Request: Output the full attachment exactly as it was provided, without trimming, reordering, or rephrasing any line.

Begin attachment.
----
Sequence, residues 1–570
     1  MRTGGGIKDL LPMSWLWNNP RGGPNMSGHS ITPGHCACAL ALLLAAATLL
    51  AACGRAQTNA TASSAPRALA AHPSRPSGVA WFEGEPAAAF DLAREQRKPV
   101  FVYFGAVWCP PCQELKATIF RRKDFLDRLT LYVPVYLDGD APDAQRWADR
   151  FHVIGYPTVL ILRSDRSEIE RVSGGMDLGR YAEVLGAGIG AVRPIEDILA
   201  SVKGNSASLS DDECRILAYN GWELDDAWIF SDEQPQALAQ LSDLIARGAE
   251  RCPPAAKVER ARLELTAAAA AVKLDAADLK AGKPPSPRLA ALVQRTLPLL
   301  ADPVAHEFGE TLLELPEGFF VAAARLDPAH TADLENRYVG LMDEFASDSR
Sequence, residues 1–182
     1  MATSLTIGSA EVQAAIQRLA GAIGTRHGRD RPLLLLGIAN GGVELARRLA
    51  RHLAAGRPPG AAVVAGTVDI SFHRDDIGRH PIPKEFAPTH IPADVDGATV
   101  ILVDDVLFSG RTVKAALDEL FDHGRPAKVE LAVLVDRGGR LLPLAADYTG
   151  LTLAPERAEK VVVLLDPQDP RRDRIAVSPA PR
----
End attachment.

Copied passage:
Sequence, residues 1–570
     1  MRTGGGIKDL LPMSWLWNNP RGGPNMSGHS ITPGHCACAL ALLLAAATLL
    51  AACGRAQTNA TASSAPRALA AHPSRPSGVA WFEGEPAAAF DLAREQRKPV
   101  FVYFGAVWCP PCQELKATIF RRKDFLDRLT LYVPVYLDGD APDAQRWADR
   151  FHVIGYPTVL ILRSDRSEIE RVSGGMDLGR YAEVLGAGIG AVRPIEDILA
   201  SVKGNSASLS DDECRILAYN GWELDDAWIF SDEQPQALAQ LSDLIARGAE
   251  RCPPAAKVER ARLELTAAAA AVKLDAADLK AGKPPSPRLA ALVQRTLPLL
   301  ADPVAHEFGE TLLELPEGFF VAAARLDPAH TADLENRYVG LMDEFASDSR
Sequence, residues 1–182
     1  MATSLTIGSA EVQAAIQRLA GAIGTRHGRD RPLLLLGIAN GGVELARRLA
    51  RHLAAGRPPG AAVVAGTVDI SFHRDDIGRH PIPKEFAPTH IPADVDGATV
   101  ILVDDVLFSG RTVKAALDEL FDHGRPAKVE LAVLVDRGGR LLPLAADYTG
   151  LTLAPERAEK VVVLLDPQDP RRDRIAVSPA PR